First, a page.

In the parliamentary elections of 2011, PSL obtained 8.36% of votes on the list of candidates for the Sejm.[31] The party also won two seats in the Senate.[32] Eugeniusz Grzeszczak became the deputy speaker of the Sejm on behalf of the PSL.[33] PSL again became a partner of the PO in the government coalition. On December 7, 2011, as a result of the entry into force of the Lisbon Treaty, Arkadiusz Bratkowski, a PSL politician, assumed a mandate in the European Parliament.[34]

In July 2012, Stanisław Kalemba replaced Marek Sawicki as the minister of agriculture and rural development. Pawlak was defeated during the presidential election by Janusz Piechociński.[35] Two days later, Waldemar Pawlak announced his resignation as deputy prime minister and minister of economy. He was dismissed from both functions on November 27. On December 6, both these offices were taken over by Janusz Piechociński.

In January 2014, PSL decided to establish cooperation with SKL and Samoobrona, but SKL already in February announced that Jarosław Gowin joined Poland Together, and the PSL talks about a joint election campaign with Samoobrona did not end with an agreement. In March, MP Andrzej Dąbrowski left PSL.[36] The party's candidate in the 2015 presidential election was the marshal of the Świętokrzyskie Province, party vice president Adam Jarubas.[37] He placed 6th, obtaining 238,761 votes.[38] Before the second round, PSL was involved in the campaign of the then-incumbent President Bronisław Komorowski.[39]

Modern period (2015–present)[edit]

At the 2015 parliamentary election, the PSL dropped to 5.13 percent of the vote, just barely over the 5 percent threshold. With 16 seats, it was the smallest of the five factions in the Sejm.[40]

Since then PSL has lost even more support to PiS during the 2018 Polish local elections when they lost 87 seats and dropped to 12.07% unlike the 23.9% they got at the last local elections. After this, the party became junior partner in coalitions with Civic Coalition and SLD.

In 2019 European election, PSL won 3 seats as a part of the European Coalition.[41]

For parliamentary elections in the same year, PSL decided to create centrist and Christian-democratic coalition named as Polish Coalition.[42] Polish Coalition, apart from PSL, consisted of Kukiz'15, Union of European Democrats and another liberal, catholic and regionalist organisations.[43][44][45] This coalition resulted in election of 30 members. Majority of them (20) were members of PSL.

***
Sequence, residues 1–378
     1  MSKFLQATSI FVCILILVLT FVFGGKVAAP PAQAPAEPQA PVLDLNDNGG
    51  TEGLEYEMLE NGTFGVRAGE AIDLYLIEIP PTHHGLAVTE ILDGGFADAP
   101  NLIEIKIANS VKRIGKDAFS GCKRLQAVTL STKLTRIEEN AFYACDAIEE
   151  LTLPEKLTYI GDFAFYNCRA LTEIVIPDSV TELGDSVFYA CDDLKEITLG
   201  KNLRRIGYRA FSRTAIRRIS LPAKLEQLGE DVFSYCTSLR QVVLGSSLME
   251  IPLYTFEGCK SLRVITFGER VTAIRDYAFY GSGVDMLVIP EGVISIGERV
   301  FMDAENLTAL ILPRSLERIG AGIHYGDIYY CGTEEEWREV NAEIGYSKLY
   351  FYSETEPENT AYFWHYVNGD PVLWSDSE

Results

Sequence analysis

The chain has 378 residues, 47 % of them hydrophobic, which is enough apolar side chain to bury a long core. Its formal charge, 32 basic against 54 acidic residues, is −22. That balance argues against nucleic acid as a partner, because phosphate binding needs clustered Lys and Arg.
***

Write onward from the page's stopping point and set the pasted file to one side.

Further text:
In November 2020, PSL decided to end coalition with Kukiz'15 due to differences on negotiations on EU budget.[46]


The Polish People's Party adhered to principles of social democracy and agrarian socialism during the 1990s, although it has moved towards Christian democracy in the 2000s.[47][48][49] It was positioned on the left-wing on the political spectrum during that period.[50]

The party's platform is strongly based on agrarianism.[51] On social and ethical issues, PSL is attached to more social conservative values, as it opposes abortion, legalisation of same-sex marriage, euthanasia, death penalty,[52] and soft drug decriminalisation.[53] The party is in favour of maintaining religion lessons in public education.[52] In 2019, the party adopted (as part of an agreement with Kukiz'15) in the party's platform direct democracy's postulates, including introducing single-member districts, electronic voting and obligatory referendums.[54]

Election results[edit]


The Party's traditional support base consisted of farmers, peasants and rural voters. Voters are generally more social conservative than voters of Civic Platform.[55] The main concurrent in rural areas is national conservative Law and Justice (PiS).[56]

In the 2010s the party started to lose support between rural voters (especially in southeast of Poland, e.g. Subcarpathian Voivodeship). In 2019 election PSL gained surprisingly significant support in cities and won mandates (e. g. in Warsaw and Wrocław).[57]


Election year # of
% of
# of
overall seats won
+/– Govt?
1989[58] 16.5 (#3)
76 / 460
Decrease 41 Coalition
1991 972,952 8.7 (#5)
48 / 460
Decrease 28 Government Support
1993 2,124,367 15.4 (#2)
132 / 460
Increase 84 Coalition
1997 956,184 7.3 (#4)
27 / 460
Decrease 105 Opposition
2001 1,168,659 9.0 (#5)
42 / 460
Increase 15 Coalition until 2003
2005 821,656 7.0 (#6)
25 / 460
Decrease 17 Opposition
2007 1,437,638 8.9 (#4)
31 / 460
Increase 6 Coalition
2011 1,201,628 8.4 (#4)
28 / 460
Decrease 3 Coalition
2015 779,875 5.1 (#6)
16 / 460
Decrease 12 Opposition
2019 1,578,523 8.6 (#4)
20 / 460
Increase 4 Opposition
As part of Polish Coalition, which won 30 seats in total.


Election year # of
overall seats won
7 / 100
Increase 4
36 / 100
Increase 29
3 / 100
Decrease 33
4 / 100
Increase 1
2 / 100
Decrease 2
0 / 100
Decrease 2
2 / 100
Increase 2
1 / 100
Decrease 1
2 / 100
Increase 1


Election year Candidate 1st round 2nd round
# of overall votes % of overall vote # of overall votes % of overall vote
1990 Roman Bartoszcze 1,176,175 7.2 (#5)
1995 Waldemar Pawlak 770,419 4.3 (#5)
2000 Jarosław Kalinowski 1,047,949 6.0 (#4)
2005 Jarosław Kalinowski 269,316 1.8 (#5)
2010 Waldemar Pawlak 294,273 1.8 (#5)
2015 Adam Jarubas 238,761 1.6 (#6)
2020 Władysław Kosiniak-Kamysz 459,365 2.4 (#5)

Regional assemblies[edit]

Election year % of
# of
overall seats won
1998 12.0 (#3)
89 / 855
As part of the Social Alliance.
2002 10.8 (#5)
58 / 561
Decrease 31
2006 13.2 (#4)
83 / 561
Increase 25
2010 16.3 (#3)
93 / 561
Increase 10
2014 23.9 (#3)
157 / 555
Increase 64
2018 12.1 (#3)
70 / 552
Decrease 87

European Parliament[edit]

Election year # of
% of
# of
overall seats won
2004 386,340 6.3 (#7)
4 / 54
2009 516,146 7.0 (#4)
3 / 50
Decrease 1
2014 480,846 6.8 (#5)
4 / 51
Increase 1
2019 5,249,935 38.5 (#2)
3 / 52
Decrease 1
As the European Coalition which won 22 seats in total



Voivodeship Marshals[edit]

Name Image Voivodeship Date Vocation
Adam Struzik Adam Struzik; 2015.jpg Masovian Voivodeship 10 December 2001
Gustaw Marek Brzezin Gustaw Marek Brzezin (cropped).jpg Warmian-Masurian Voivodeship 12 December 2014

See also[edit]


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  2. ^ "Kluby i koła". sejm.gov.pl. Archived from the original on 23 September 2015. Retrieved 10 May 2015.
  3. ^
  4. ^
  5. ^ Vries, Catherine E. de (2021). Foundations of European politics : a comparative approach. Sara Binzer Hobolt, Sven-Oliver Proksch, Jonathan B. Slapin. Oxford. p. 146. ISBN 978-0-19-883130-3. OCLC 1246486176.
  6. ^ Fitzmaurice, J. (28 September 1998). Politics and Government in the Visegrad Countries: Poland, Hungary, the Czech Republic and Slovakia. Springer. ISBN 9780230373228. Archived from the original on 10 October 2017 – via Google Books.
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External links[edit]